Security Officials Recommend Easing Closure on Territories
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Security Officials Recommend Easing Closure on Territories

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Top Israeli security officials have recommended significantly easing the 4-month-old closure of the West Bank and Gaza Strip.

The closure, imposed in February after the first of a series of suicide bombings, has prevented tens of thousands of Palestinian workers from reaching jobs in Israel and has cost the Palestinian economy more than $300 million.

Top security officials, including Maj. Gen. Uzi Dayan, the head of the Israel Defense Force central command; Ami Ayalon, the head of the Shin Bet, Israel’s domestic intelligence agency; and Maj. Gen. Oren Shahor, the coordinator of activities in the territories, have advocated easing the closure, the Israeli daily Ha’aretz reported Tuesday.

If the closure is eased, 50,000 to 70,000 Palestinians would be allowed entry permits, security sources said. Permits would only be given to workers who are older than 25, married and do not have a security violation record.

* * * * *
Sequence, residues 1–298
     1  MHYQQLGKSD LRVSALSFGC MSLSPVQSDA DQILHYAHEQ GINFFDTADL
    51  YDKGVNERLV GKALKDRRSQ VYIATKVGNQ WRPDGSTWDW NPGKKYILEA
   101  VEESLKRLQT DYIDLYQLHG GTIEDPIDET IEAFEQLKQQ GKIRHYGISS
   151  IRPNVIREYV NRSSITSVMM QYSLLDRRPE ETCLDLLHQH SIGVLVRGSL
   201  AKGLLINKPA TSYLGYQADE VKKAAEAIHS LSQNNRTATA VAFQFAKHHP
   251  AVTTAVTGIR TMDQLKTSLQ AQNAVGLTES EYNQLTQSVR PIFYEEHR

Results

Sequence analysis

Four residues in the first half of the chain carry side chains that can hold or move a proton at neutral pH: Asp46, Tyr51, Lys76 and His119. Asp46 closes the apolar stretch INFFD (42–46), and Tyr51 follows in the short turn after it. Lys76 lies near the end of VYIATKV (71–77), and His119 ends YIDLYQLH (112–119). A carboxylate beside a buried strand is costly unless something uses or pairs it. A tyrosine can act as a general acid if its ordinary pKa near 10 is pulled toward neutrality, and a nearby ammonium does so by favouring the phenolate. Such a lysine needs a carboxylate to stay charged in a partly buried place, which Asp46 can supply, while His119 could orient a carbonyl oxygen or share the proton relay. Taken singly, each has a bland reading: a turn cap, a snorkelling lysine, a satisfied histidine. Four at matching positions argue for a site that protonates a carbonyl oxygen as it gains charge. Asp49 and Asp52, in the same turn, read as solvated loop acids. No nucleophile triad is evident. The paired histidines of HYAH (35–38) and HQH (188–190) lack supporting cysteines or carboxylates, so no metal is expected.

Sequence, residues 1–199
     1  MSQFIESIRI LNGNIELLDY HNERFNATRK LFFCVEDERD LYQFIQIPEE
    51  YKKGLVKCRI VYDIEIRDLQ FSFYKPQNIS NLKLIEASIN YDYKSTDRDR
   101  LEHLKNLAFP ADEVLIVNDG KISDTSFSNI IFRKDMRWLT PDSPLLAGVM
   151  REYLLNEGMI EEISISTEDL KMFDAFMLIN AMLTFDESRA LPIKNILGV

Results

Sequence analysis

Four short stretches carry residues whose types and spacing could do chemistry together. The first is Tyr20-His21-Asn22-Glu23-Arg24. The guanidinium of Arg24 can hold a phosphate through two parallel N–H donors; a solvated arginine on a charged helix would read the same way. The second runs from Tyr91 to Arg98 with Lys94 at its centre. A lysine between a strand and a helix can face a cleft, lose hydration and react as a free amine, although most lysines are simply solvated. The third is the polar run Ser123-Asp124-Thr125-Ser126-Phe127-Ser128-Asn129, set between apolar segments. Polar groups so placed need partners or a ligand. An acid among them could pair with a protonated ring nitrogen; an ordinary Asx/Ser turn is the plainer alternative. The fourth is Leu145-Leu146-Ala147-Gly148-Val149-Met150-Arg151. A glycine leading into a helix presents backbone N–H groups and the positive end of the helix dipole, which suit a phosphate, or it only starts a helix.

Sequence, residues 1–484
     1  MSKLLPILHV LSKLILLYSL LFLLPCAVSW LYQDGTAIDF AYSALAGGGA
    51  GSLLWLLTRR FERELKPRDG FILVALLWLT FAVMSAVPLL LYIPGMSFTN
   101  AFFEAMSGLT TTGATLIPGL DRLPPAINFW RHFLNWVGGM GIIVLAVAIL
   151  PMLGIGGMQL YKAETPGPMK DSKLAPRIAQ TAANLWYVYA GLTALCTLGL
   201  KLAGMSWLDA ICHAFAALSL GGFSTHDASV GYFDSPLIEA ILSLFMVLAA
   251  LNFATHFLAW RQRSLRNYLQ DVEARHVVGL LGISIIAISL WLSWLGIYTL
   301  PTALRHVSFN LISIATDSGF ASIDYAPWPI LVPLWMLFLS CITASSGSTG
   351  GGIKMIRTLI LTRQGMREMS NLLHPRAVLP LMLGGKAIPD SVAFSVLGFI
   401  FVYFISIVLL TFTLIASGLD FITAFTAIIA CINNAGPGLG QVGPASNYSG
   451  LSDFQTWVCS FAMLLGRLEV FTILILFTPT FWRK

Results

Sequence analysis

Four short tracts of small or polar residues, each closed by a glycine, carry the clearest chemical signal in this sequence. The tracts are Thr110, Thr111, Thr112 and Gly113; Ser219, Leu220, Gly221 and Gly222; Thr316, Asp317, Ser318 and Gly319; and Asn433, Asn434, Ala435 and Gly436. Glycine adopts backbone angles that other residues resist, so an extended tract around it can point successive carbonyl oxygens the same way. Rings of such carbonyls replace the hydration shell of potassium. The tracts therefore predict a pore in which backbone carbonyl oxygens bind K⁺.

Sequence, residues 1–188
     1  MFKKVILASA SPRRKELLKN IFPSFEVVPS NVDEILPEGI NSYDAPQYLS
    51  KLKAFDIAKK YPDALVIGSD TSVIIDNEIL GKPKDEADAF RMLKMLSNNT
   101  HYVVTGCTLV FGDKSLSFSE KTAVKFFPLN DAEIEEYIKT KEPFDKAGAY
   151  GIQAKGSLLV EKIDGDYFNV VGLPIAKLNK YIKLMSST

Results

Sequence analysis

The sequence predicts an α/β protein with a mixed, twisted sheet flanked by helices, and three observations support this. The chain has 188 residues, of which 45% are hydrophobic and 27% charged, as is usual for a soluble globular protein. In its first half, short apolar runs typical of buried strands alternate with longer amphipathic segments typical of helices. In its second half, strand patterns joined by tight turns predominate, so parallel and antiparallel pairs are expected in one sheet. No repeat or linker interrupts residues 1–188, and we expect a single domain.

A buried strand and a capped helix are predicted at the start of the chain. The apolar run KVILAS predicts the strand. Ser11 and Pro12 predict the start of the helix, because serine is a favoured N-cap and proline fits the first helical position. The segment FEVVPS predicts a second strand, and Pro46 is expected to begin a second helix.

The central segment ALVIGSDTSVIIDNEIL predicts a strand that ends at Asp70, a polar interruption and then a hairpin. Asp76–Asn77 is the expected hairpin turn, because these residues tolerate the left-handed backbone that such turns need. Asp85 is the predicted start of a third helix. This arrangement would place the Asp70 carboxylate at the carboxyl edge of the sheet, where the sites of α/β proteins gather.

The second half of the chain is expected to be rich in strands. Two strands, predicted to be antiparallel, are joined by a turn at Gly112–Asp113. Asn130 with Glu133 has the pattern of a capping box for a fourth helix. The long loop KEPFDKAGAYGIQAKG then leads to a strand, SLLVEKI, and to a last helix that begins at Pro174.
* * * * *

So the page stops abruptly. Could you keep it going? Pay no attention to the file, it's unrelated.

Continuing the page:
Likud Knesset member Gideon Ezra, a former deputy head of the Shin Bet, called this week for an easing of the closure.

“It is not good for either side,” he said. “People want to go to work, and they should be allowed. These are the people we have to continue living with here.”

He said the Palestinians should be allowed to take the jobs now being filled by foreign workers.

Since the closure took effect, about 100,000 foreign workers have entered Israel legally. Some 100,000 others have entered illegally.

Defense Minister Yitzhak Mordechai was reportedly inclined to adopt the recommendations of the security officials, even though he said he would not make any decision before discussing it with Prime Minister Benjamin Netanyahu.

Rehavam Ze’evi, leader of the right-wing Moledet Party, voiced opposition to easing the closure.

He said the measure was effective in preventing terrorist attacks and that it should not be eased because of international pressure “just to have a more comfortable atmosphere when the prime minister goes to Washington” next week.

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